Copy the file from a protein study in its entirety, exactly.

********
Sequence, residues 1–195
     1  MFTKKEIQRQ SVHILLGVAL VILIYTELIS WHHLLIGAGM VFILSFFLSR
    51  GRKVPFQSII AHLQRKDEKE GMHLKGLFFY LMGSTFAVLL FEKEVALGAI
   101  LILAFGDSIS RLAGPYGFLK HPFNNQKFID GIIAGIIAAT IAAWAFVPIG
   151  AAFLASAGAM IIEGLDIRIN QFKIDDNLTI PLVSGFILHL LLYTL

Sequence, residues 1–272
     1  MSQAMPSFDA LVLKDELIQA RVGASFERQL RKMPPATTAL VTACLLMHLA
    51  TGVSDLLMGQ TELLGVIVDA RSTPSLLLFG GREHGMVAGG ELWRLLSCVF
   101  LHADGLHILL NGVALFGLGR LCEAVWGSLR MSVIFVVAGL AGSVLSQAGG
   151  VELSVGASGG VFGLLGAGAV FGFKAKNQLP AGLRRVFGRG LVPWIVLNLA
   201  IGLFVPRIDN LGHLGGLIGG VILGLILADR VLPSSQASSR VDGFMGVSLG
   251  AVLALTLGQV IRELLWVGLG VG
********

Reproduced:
Sequence, residues 1–195
     1  MFTKKEIQRQ SVHILLGVAL VILIYTELIS WHHLLIGAGM VFILSFFLSR
    51  GRKVPFQSII AHLQRKDEKE GMHLKGLFFY LMGSTFAVLL FEKEVALGAI
   101  LILAFGDSIS RLAGPYGFLK HPFNNQKFID GIIAGIIAAT IAAWAFVPIG
   151  AAFLASAGAM IIEGLDIRIN QFKIDDNLTI PLVSGFILHL LLYTL

Sequence, residues 1–272
     1  MSQAMPSFDA LVLKDELIQA RVGASFERQL RKMPPATTAL VTACLLMHLA
    51  TGVSDLLMGQ TELLGVIVDA RSTPSLLLFG GREHGMVAGG ELWRLLSCVF
   101  LHADGLHILL NGVALFGLGR LCEAVWGSLR MSVIFVVAGL AGSVLSQAGG
   151  VELSVGASGG VFGLLGAGAV FGFKAKNQLP AGLRRVFGRG LVPWIVLNLA
   201  IGLFVPRIDN LGHLGGLIGG VILGLILADR VLPSSQASSR VDGFMGVSLG
   251  AVLALTLGQV IRELLWVGLG VG